Spring is nearly upon us in Chicago.
It’s a welcome time of year considering the cold, hard winter. All of a sudden, we’ll start to see some green buds, blue skies and balmy temps in the 40s.
It is also the time of year that reminds me what little credence is given to the transition of retirement. Just as our seasons are changing, our clients go through a tremendous transformation with retirement.
I don’t mean to make it sound scary, but let’s be honest; we offer a lot more societal weight to things like graduations, promotions, bonuses, marriages, divorces and the like.
Considering it’s virtually impossible to ignore retirement when it happens, what should we be doing to get ready for that transition? Take my guidance with a grain of salt—I’m thirty-nine years old and have yet to retire myself. But at BDF, we have helped hundreds of our clients navigate this evolution. My thoughts reflect the broader team thinking of our firm.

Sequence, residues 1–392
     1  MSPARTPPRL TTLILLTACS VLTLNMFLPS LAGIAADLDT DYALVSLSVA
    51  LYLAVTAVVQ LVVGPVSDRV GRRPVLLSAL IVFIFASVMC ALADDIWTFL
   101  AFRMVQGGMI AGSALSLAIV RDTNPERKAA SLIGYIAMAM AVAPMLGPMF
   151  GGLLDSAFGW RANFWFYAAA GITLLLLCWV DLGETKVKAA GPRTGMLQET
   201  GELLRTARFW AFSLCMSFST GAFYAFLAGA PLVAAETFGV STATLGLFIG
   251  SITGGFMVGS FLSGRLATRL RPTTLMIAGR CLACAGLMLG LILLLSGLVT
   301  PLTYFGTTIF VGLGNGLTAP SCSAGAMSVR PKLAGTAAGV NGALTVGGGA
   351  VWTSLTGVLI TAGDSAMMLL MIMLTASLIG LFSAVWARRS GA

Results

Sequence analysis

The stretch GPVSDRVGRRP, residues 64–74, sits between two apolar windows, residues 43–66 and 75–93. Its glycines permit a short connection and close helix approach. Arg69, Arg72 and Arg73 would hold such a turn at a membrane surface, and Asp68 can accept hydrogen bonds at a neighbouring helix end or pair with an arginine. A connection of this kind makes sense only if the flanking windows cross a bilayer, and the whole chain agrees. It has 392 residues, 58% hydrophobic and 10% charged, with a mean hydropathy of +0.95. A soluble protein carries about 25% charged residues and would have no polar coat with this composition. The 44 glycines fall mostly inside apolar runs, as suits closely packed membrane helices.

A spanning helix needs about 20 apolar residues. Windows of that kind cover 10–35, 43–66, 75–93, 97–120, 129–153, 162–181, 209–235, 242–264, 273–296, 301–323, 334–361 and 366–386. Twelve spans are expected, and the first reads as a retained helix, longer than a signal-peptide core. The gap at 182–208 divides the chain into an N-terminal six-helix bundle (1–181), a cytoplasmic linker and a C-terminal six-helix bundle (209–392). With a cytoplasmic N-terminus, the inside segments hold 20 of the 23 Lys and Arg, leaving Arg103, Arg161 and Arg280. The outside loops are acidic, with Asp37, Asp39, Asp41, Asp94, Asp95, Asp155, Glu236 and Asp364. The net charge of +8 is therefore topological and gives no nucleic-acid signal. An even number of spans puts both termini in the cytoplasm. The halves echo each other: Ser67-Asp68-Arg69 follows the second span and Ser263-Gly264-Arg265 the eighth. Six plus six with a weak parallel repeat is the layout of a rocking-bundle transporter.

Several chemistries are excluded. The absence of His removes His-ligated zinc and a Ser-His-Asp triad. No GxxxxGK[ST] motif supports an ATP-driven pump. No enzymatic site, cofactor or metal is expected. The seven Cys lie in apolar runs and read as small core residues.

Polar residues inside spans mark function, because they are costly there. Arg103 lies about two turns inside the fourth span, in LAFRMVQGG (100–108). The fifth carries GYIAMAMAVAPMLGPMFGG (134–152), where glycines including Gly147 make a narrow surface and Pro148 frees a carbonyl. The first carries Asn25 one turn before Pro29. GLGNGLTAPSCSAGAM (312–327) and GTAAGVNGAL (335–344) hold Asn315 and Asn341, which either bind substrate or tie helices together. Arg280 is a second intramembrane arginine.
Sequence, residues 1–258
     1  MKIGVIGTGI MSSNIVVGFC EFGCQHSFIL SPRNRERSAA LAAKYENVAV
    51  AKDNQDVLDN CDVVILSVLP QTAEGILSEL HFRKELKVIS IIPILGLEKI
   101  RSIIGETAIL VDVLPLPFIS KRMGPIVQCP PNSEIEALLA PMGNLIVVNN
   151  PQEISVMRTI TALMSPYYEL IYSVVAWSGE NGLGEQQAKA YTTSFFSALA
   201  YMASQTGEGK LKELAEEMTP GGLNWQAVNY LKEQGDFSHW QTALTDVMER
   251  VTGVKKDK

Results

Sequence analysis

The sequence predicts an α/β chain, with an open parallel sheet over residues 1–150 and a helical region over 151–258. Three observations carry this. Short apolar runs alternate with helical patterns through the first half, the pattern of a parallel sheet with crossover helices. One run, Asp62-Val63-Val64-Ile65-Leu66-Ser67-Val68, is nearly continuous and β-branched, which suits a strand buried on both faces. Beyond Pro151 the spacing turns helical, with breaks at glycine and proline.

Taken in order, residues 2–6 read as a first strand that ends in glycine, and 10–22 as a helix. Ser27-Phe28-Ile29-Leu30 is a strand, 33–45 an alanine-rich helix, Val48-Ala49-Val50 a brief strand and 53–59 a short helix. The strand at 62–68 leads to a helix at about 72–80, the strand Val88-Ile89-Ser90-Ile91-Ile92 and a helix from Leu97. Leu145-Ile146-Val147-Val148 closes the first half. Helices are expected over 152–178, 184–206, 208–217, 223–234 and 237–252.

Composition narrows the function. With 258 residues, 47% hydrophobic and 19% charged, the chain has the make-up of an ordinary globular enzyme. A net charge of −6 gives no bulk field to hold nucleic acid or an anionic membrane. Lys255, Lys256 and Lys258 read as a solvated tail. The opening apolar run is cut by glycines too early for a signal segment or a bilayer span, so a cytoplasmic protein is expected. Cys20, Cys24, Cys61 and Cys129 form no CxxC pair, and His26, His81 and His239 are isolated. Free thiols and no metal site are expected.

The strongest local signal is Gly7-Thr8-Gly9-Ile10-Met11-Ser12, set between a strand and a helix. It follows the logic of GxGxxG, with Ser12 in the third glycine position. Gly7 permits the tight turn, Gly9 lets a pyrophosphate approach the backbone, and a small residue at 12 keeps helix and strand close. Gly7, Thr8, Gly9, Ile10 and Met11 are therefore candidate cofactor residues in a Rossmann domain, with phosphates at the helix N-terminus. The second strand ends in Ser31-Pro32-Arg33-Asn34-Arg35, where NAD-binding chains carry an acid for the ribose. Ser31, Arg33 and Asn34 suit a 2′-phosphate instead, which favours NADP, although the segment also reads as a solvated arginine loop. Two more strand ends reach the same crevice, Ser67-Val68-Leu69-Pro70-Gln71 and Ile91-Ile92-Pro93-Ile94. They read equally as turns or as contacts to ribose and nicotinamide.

Have a Plan – I sound like a broken record, but it never fails to be good advice. Our wealth managers work with our clients to build a foundational plan and then update over time to bring all of the variables into focus. It’s not uncommon to “update” your plan several times in the years or months leading up to retirement.
But the numbers of a plan are just a part of the equation.
It’s Not a Light Switch – Transitioning into retirement is not like flipping a light switch. Although you may go to work on a Friday and be retired on Monday, the process is not that cut and dry. Give yourself time to process the idea of retirement. Talk to others you know and respect that have retired and ask them about their experience. How did it go for them? What did they worry about the most? And then talk about what life looks like for them today.
Sometimes our greatest fears are those that we create in our own mind.
Avoid the Aircraft Carrier Launch – Catapulting a fighter jet off the deck of an aircraft carrier is an awesome and anxious thing. The shortened runway, pitching sea and cramped deck make it seem like an impossible task. Avoid thinking that retirement must “start” or launch as soon as you stop working.
Consider the glide into retirement more like that of an Airbus A380. The A380 needs more than 2 miles of runway to launch. Give yourself the time and space to lift off.
Remember, airliners end up flying to much more desirable destinations than fighter jets.